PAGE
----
Nossa Senhora da Conceição Hospital, Porto Alegre, Brazil. Nossa Senhora da Conceição Hospital, Porto Alegre, Brazil
                Nossa Senhora da Conceição Hospital, Porto Alegre, Brazil. Nossa Senhora da Conceição Hospital, Porto Alegre, Brazil
                Nossa Senhora da Conceição Hospital, Porto Alegre, Brazil. Department of Internal Medicine, Federal University of Rio Grande do Sul School of Medicine, Porto Alegre, Brazil
                Author notes
                Correspondence to: Fernanda Fuzinatto Hospital Nossa Senhora da Conceição, Serviço de Medicina Interna Avenida Francisco Trein, 596, Cristo Redentor CEP 91350-200, Porto Alegre, RS, Brasil Tel. 55 51 3357-2000 E-mail: ferfuzi@ 123456hotmail.com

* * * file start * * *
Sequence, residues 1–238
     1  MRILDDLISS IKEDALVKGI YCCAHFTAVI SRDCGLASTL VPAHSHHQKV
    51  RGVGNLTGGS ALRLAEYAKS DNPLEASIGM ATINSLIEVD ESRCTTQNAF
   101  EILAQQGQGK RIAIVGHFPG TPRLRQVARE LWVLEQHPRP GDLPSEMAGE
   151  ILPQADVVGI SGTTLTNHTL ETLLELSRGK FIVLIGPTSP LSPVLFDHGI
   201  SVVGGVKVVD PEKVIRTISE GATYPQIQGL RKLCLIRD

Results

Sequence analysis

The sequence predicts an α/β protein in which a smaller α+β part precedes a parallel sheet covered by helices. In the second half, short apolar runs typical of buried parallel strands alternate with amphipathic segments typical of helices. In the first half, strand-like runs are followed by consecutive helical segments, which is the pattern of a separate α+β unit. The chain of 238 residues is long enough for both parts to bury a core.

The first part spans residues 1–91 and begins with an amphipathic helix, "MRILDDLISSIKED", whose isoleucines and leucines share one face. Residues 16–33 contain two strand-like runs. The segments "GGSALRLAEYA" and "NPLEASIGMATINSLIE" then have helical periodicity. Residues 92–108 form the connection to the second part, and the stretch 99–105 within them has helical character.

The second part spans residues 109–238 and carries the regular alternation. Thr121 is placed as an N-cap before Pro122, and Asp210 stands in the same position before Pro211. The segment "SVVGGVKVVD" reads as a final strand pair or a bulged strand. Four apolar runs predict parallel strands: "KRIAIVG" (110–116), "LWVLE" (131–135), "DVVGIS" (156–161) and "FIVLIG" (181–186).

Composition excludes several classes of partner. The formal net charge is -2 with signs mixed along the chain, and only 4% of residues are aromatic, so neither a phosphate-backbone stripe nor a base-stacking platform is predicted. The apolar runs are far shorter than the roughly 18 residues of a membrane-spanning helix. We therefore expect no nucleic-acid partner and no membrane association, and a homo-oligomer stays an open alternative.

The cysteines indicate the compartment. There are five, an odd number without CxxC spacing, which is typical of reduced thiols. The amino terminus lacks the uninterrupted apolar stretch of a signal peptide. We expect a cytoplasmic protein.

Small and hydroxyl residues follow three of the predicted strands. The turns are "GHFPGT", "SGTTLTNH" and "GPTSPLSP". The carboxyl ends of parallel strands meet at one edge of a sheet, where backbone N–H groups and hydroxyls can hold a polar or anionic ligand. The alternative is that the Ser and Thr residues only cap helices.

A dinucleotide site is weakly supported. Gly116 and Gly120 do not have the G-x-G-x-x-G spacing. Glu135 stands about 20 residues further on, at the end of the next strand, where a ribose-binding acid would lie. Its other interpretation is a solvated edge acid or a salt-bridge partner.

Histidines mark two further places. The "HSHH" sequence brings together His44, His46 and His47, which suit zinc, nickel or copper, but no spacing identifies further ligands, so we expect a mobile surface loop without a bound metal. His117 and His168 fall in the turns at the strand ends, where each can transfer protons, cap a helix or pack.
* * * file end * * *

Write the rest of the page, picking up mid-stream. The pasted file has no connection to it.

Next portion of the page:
Article
                10.1590/S1806-37132013000200004
                4075831
                23670498

                This is an Open Access article distributed under the terms of the Creative Commons Attribution Non-Commercial License, which permits unrestricted non-commercial use, distribution, and reproduction in any medium, provided the original work is properly cited.

                Page count
                Figures: 1, Tables: 3, References: 28, Pages: 9
                Categories
                Original Article